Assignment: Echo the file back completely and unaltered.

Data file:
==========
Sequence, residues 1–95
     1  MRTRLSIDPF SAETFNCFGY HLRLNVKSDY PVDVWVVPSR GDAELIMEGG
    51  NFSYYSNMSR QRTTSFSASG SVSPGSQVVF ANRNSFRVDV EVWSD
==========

Sequence, residues 1–95
     1  MRTRLSIDPF SAETFNCFGY HLRLNVKSDY PVDVWVVPSR GDAELIMEGG
    51  NFSYYSNMSR QRTTSFSASG SVSPGSQVVF ANRNSFRVDV EVWSD